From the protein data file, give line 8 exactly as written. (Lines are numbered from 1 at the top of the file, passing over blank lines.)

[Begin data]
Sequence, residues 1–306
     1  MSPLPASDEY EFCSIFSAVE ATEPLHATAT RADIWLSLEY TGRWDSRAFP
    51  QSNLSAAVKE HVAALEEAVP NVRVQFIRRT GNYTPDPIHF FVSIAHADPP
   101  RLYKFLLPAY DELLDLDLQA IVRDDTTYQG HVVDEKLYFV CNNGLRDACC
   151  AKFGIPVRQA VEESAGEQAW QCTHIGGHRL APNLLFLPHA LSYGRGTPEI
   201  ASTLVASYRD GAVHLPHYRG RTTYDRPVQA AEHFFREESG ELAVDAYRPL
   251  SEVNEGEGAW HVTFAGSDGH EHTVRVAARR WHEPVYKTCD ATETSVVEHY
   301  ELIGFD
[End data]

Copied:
   301  ELIGFD